...they remind me of a chicken and I'd rather have a chicken than eggs. (Martin Mull)
Our neighbors have both, and when they went off for the weekend, they asked us to make sure the door to the chickens' temporary home was partially opened in the morning and closed at night - and, we got to keep any eggs the hens laid overnight. Easy to do.
While their roosting box is being finished, the chickens are living in a large shed, with a 2" x 4" roost, some hay bales on which to lay, and a concrete floor where a couple of eggs (and a lot of chicken droppings) ended up. But there on the hay, on the second night of our chicken sitting, were three eggs: one large and light blue; one small and light brown; one larger and a darker brown, with speckles.
When the neighbor lady came by to thank us (with a yummy loaf of bread and a delicious salami), we asked which hens produced which eggs. The blue egg was the product of an Ancona hen; the light-brown egg was laid by a New Hampshire Red; and the larger brown, speckled, egg is from a Black Sex Link hen (no, we'd never heard of them either). The Guinea hens came up empty.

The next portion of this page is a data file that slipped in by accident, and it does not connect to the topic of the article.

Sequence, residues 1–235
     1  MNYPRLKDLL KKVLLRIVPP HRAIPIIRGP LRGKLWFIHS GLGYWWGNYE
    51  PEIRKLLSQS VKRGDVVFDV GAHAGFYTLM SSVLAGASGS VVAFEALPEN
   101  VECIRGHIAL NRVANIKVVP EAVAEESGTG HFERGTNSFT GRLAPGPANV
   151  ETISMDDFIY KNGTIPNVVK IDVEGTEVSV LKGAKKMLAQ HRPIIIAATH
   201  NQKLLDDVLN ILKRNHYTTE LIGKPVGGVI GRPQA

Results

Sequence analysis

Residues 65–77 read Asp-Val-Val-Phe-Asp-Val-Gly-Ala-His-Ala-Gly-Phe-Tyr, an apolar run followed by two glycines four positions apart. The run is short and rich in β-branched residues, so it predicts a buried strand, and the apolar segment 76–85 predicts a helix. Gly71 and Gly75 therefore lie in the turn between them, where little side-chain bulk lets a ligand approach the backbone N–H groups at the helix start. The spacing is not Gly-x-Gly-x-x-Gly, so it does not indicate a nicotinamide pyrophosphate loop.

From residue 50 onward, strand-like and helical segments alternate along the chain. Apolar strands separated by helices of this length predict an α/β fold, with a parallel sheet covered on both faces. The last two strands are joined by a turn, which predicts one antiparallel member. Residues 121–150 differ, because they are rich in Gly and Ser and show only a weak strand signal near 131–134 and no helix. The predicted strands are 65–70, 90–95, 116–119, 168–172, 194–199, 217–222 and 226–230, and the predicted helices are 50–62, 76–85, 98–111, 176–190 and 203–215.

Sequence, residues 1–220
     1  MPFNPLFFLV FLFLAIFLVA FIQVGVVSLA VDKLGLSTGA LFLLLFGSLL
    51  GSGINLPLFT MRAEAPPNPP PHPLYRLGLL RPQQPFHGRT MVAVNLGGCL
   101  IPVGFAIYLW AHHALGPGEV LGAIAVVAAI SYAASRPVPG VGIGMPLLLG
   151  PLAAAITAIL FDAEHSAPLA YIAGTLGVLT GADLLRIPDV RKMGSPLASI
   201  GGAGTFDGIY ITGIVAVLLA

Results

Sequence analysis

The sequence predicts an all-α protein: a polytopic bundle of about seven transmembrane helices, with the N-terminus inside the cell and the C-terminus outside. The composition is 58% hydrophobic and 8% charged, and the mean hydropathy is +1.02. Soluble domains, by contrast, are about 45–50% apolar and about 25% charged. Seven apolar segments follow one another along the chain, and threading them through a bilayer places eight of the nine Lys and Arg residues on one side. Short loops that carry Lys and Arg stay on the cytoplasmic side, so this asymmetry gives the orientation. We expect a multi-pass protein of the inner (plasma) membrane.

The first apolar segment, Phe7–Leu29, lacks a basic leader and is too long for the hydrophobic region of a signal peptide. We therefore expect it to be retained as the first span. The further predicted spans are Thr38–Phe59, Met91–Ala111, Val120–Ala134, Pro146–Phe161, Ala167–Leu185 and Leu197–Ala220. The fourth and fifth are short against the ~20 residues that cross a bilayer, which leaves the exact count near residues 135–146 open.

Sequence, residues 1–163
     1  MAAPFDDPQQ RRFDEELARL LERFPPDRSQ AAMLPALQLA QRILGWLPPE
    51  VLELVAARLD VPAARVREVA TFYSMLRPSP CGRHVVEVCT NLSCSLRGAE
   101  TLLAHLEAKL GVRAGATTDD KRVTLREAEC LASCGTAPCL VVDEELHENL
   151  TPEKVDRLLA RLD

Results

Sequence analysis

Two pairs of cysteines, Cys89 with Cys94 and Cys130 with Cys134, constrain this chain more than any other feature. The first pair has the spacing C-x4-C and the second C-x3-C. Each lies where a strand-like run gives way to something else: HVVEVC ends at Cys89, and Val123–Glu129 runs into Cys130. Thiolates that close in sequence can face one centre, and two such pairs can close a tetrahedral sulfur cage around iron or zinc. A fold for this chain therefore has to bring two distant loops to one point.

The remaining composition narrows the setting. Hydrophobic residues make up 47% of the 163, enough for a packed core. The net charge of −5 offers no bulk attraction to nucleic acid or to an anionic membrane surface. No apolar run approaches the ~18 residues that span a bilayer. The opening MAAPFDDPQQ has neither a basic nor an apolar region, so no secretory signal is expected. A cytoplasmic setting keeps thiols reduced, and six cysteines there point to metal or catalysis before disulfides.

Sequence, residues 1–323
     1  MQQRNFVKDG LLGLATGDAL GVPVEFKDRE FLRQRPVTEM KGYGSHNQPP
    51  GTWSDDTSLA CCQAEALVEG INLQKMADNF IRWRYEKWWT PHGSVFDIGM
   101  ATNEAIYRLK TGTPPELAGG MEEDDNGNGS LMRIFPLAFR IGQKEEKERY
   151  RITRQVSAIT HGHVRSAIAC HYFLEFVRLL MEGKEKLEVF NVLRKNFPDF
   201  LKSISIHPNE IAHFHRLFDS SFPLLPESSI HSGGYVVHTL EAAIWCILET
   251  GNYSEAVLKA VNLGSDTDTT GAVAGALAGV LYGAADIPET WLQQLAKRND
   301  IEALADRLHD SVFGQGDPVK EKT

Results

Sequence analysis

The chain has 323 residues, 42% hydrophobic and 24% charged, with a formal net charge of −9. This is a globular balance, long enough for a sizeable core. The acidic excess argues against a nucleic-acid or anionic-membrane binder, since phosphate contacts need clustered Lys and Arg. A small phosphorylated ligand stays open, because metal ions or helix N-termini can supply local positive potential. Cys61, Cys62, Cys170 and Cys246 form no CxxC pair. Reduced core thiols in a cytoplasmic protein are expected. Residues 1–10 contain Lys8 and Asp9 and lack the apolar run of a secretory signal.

The New Hampshire egg had a double yoke, but the three weren't enough for an omelet. So, I added a couple of grocery store chicken eggs to the mix. But, before I did, I had a chance to examine the different colors of the egg yolks. The New Hampshire double yolk was a dark yellow; the Black Sex was a bit lighter; the Ancona was even lighter; but the store-bought eggs were starkly brighter yellow, with a thinner consistency, and their shells were markedly thinner than the neighbors' eggs.
Too late, I realized I should not have scrambled them for an omelet (with cheddar, home-grown tomatoes, and home-picked morels). I should have fried them individually for a taste-off. But, I've been assured there are more local eggs in our future. A man can learn from his mistakes.